A programmer walks slowly down the stairs, holding his laptop in both hands as if steering by it. He passes a mural of Super Mario Bros, circa 1988, and into the entrance of iHub proper – a large, airy space, full of earnest young women and men working on their laptops. A coffee machine hisses in one corner. A quiet game of table soccer is under way. Silicon Valley? Not quite. This is the heartland of the Silicon Savannah, and one of many startup incubators dotting dusty Ngong Road in Nairobi, Kenya.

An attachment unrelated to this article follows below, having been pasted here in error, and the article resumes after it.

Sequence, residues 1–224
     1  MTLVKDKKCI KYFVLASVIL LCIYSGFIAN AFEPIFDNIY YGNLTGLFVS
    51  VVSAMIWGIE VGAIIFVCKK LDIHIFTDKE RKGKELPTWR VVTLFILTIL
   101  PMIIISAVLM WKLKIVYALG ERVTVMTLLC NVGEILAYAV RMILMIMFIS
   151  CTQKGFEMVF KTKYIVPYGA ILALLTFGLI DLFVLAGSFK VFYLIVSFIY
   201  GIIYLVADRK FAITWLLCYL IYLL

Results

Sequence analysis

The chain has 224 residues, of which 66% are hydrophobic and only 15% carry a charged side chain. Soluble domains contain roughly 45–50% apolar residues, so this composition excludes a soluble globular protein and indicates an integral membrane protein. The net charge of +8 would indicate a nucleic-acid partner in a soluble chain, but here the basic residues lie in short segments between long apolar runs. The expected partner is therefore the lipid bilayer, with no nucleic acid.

Everyone is here nursing the same hope – to make the next breakthrough service for Kenya’s enormous and growing population of mobile phone users. More than two-thirds of Kenyans own mobile phones, the highest rate in East Africa. The mobile phone has become Africa’s leapfrog technology – communication, commerce, computing and increasingly, internet access, all rolled into one cheap device.
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